Growers fight bio-beet restrictions
Industry welcomes partial deregulation, rejects reporting rule
By DAVE WILKINS
Sugar beet growers were quick to react after the USDA on Feb. 4 announced a final decision to allow Roundup Ready plantings this year.
First they cheered. Then they filed a lawsuit that seeks to lift some of the mandatory conditions that growers must meet.
Certain conditions imposed by USDA's Animal and Plant Health Inspection Service are too costly, burdensome and unnecessary, according to the suit filed Feb. 7 in federal district court in the District of Columbia.
The conditions include geographic restrictions on planting, surveillance and monitoring requirements, equipment handling procedures, personnel training, reporting and movement and handling standards.
"While many of these conditions are sensible and appropriate interim measures, certain of the conditions are unnecessary and not in accordance with law," the lawsuit asserts.
The lawsuit was filed by sugar beet cooperatives, individual leaders of the co-ops, processors, seed companies and the American Sugar Beet Growers Association.
APHIS, the Center for Food Safety and the Sierra Club are named as defendants.
It was a lawsuit filed by the Center for Food Safety that led to a federal court decision in September 2009 that APHIS had improperly deregulated Roundup Ready sugar beets without first conducting a full environmental impact statement.
In their lawsuit, growers seek a court order that the challenged conditions are unnecessary to comply with the National Environmental Policy Act and are "significantly burdensome for sugar beet growers and processors and seed producers and unjustified under APHIS' Plant Protection Act."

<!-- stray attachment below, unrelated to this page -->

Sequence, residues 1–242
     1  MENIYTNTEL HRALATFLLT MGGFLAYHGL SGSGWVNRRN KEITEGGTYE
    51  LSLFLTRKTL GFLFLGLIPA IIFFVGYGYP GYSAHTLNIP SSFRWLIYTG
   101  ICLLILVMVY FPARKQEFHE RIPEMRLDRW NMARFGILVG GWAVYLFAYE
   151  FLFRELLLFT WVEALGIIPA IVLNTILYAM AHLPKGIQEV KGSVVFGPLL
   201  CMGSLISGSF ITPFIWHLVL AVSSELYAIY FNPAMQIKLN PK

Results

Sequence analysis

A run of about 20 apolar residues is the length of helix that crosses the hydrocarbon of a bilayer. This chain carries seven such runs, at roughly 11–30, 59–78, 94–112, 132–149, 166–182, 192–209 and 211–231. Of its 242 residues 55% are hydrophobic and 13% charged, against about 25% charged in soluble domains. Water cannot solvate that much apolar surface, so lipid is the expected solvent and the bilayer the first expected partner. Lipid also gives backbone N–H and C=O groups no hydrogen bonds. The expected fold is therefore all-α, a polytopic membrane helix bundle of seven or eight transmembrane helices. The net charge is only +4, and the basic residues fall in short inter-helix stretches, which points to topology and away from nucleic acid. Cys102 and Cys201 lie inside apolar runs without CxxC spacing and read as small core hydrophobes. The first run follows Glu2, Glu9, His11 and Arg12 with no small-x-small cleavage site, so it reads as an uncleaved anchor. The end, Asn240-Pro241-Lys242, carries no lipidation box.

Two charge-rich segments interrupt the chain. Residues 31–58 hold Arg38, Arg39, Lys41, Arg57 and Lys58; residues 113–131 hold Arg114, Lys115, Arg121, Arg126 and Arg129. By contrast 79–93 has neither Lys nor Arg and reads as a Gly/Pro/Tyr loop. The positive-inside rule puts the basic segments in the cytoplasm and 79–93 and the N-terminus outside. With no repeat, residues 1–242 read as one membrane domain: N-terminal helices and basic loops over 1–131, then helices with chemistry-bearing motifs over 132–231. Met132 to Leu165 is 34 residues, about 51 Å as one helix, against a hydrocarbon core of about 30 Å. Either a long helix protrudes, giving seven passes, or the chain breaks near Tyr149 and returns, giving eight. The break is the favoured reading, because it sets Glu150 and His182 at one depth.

The lawsuit seeks "in the alternative" a declaratory judgment that APHIS' actions fulfill the requirements of federal law.
Growers object to APHIS requirements that they must monitor their fields for "bolters," and notify APHIS of any finds within 48 hours. They're also challenging a requirement that they report where "bolters are not observed."
Duane Grant, chairman of the Snake River Sugar Co. said the lawsuit is not an indication that growers are dissatisfied with APHIS or the work that it has done.
The suit is intended primarily to prevent the Center for Food Safety from blocking the planting of Roundup Ready beets, he said.
"What we are concerned about is that the Center for Food Safety has a long track record of litigious action that could block the planting of Roundup Ready seed at a later date," he said.
About 300 growers were attending the annual meeting of the American Sugar Beet Growers Association in Tucson when APHIS announced its decision.
The mood at the meeting was upbeat, but cautious, Grant said.
"Across the U.S., growers are relieved and optimistic that they will be able to plant RR for 2011," he said.
But most growers also believe that the Center for Food Safety will stop at nothing short of an outright ban on Roundup Ready beets, Grant said.
"Growers recognize that the battle isn't over," he said.